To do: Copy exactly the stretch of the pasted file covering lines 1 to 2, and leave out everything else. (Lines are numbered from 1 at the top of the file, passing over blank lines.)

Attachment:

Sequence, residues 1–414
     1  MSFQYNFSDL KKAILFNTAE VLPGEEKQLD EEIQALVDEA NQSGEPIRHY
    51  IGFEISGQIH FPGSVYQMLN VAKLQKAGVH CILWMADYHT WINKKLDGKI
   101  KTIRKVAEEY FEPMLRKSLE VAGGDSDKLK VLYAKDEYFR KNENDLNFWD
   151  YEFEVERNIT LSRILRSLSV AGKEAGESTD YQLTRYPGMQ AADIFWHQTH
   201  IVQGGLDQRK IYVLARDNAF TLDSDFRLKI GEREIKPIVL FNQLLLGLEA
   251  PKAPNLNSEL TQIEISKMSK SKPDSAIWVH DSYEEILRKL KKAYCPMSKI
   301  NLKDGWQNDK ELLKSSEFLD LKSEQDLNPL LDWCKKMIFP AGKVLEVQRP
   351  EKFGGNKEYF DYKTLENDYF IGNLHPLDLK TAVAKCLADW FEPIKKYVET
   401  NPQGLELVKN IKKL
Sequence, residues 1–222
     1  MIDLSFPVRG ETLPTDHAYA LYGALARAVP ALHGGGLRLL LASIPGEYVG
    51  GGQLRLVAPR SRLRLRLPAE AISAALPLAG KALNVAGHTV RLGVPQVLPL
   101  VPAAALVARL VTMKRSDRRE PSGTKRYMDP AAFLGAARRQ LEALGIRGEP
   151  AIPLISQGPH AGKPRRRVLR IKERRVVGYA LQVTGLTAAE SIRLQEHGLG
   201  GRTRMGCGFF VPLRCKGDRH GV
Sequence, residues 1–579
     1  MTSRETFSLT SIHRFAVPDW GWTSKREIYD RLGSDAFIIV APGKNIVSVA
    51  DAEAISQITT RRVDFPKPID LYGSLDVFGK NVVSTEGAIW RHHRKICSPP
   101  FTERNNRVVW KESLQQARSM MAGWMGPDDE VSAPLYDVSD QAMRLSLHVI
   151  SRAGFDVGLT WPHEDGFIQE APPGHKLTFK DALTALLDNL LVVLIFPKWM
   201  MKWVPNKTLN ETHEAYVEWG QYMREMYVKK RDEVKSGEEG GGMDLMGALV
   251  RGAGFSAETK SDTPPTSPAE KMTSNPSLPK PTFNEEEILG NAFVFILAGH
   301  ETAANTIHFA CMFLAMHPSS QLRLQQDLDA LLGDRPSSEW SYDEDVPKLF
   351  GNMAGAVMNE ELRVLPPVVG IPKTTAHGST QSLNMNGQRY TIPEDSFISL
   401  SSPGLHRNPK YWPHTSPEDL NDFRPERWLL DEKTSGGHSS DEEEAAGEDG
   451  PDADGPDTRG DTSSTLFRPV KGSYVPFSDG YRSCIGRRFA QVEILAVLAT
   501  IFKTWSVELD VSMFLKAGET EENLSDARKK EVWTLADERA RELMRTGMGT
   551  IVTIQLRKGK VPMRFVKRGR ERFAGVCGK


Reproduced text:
Sequence, residues 1–414
     1  MSFQYNFSDL KKAILFNTAE VLPGEEKQLD EEIQALVDEA NQSGEPIRHY